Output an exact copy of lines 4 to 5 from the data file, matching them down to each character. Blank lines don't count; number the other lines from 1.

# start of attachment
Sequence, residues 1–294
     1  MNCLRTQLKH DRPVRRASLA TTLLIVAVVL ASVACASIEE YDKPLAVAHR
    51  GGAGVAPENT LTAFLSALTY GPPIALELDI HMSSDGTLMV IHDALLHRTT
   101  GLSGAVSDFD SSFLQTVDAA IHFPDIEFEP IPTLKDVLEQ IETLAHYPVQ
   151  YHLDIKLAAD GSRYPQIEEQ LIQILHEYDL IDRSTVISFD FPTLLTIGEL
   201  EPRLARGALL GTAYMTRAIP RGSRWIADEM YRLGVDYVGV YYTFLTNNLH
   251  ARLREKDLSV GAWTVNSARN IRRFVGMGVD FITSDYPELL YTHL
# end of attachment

   101  GLSGAVSDFD SSFLQTVDAA IHFPDIEFEP IPTLKDVLEQ IETLAHYPVQ
   151  YHLDIKLAAD GSRYPQIEEQ LIQILHEYDL IDRSTVISFD FPTLLTIGEL